Books 1840-1845

old curiosity shop

 

 

Charles Dickens (1812-1870).

The Old Curiosity Shop; with Illustrations by H.K. Browne and G. Cattermole.  London: Chapman and Hall; Philadelphia: Lippincott, 1874.

 

The Old Curiosity Shop first appeared in Master Humphrey’s Clock, a new periodical edited by Dickens, as a short story. Dickens expanded upon the story in an attempt to boost sales of the periodical. His strategy worked, and The Old Curiosity Shop became one of Dickens’s top-selling books. Modern readers sometimes find the tale to be overly sentimental, but contemporary readers on both sides of the Atlantic were charmed by the characters, especially Little Nell, and found it hard to wait for the next part to be issued so they could find out what had happened to her. 

 

A Christmas Carol III

 

Charles Dickens (1812-1870).

A Chrismas Carol. In Prose. Being a Ghost Story of Christmas. New York: Harper & Brothers, 1844.

 

First American edition. American editions of Dickens’s works rapidly followed their English counterparts in the press.  Dickens was rarely compensated for these pirated American editions.

 

Gift of Robert B. Honeyman, Class of 1920

 

A Christmas Carol II

 

Charles Dickens (1812-1870).

Christmas Books; with Illustrations by Sir Edwin Landseer, Maclise, Stanfield, F. Stone, Doyle, Leech and Tenniel.  London: Chapman and Hall, 1876.

 

Dickens published five Christmas novellas, starting with A Christmas Carol in 1843.  This collected edition contains reprints of all five of Dickens’s Christmas novellas including: A Christmas Carol; The Chimes; The Cricket on the Hearth; The Battle of Life; and The Haunted Man.

 

 

black and white american notes

 

Charles Dickens (1812-1870).

American Notes for General Circulation: and Pictures from Italy; with illustrations by Marcus Stone.  London: Chapman and Hall, 1874.

 

Marcus Stone (1840-1921) illustrated this posthumous edition of Dickens’s American Notes and Pictures from Italy.  Travel narratives were enormously popular with Victorian readers. Improvements to railways and steamships were opening new horizons for those who could afford to travel.  For those who could not afford to travel, these types of narratives were a good substitute. Dickens wrote these two books about extended trips he took to the United States and Italy as a way to partially defray the costs of those trips.

 

 

 

Mr. Tapley

 

Charles Dickens (1812-1870).

The Life and Adventures of Martin Chuzzlewit. Illustrated Library Ed. London: Chapman and Hall, 1874.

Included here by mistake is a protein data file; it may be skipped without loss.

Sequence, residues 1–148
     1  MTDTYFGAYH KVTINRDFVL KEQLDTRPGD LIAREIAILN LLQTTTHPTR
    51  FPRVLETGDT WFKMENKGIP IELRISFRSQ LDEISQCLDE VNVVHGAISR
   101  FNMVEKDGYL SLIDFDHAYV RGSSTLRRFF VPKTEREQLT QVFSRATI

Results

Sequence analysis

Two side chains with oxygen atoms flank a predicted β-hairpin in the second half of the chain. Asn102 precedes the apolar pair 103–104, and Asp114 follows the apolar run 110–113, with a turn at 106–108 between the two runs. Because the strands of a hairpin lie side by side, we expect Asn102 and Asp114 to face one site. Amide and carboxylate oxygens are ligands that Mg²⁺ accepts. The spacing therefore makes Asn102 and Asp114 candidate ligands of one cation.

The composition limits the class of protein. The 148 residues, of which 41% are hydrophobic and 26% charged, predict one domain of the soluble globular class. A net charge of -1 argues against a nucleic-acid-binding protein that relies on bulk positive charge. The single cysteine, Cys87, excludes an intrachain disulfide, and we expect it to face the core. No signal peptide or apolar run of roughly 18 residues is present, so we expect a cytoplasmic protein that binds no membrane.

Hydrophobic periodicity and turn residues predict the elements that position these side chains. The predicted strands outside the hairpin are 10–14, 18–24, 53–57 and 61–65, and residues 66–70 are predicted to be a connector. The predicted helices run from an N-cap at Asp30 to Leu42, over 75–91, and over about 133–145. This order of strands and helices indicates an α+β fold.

This edition of Dickens’s sixth novel features an added engraved title page, and was illustrated by Phiz, a pseudonym of Hablot K. Browne. Phiz illustrated ten of Dickens’s fifteen novels between 1836 and 1859. Dickens wrote Martin Chuzzlewit after his first visit to North America in 1842.  He borrowed from his travel experiences when he had the main character, the younger Martin Chuzzlewit, travel to America with his servant, the ever-jolly Mark Tapley. The American chapters were not popular with American audiences, who felt slighted by Dickens’s treatment of their country. 

 

 

The Chimes

 

Charles Dickens (1812-1870).

The Chimes: A Goblin Story of Some Bells that Rang an Old Year out and a New Year in. London: Chapman and Hall, 1886.

 

Dickens’s second Christmas book, The Chimes, uses the dream sequences of Trotty Veck, an impoverished porter, to challenge the contemporary idea that the poor were to blame for being poor, and thus were undeserving.  Dickens wrote this story in which chimes play a role after being distracted and disturbed by the chimes of Genoa during a sojourn in Italy.

 

Gift of Robert B. Honeyman, Class of 1920


 

 


 

insect and tea pot

Charles Dickens (1812-1870).

The Cricket on the Hearth: A Fairy Tale of Home.  London: Printed and Published for the Author by Bradbury and Evans, 1846.

 

According to Dickens bibliographer John Eckel, this is the first edition of one of Dickens’s best-known Christmas tales. The third Christmas novella published by Dickens, it was illustrated by Daniel Maclise (1806-1870), Richard Doyle (1824-1883), Clarkson Stanfield (1793-1867), John Leech (1817-1864), and Sir Edwin Henry Landseer (1803-1873). The Cricket on the Hearth is the story of carrier John Perrybingle and his much younger wife, Dot.  Their marriage and cozy home-life is saved at a critical moment by the chirping of their little household god, the cricket on their hearth. 

 

Gift of Robert B. Honeyman, Class of 1920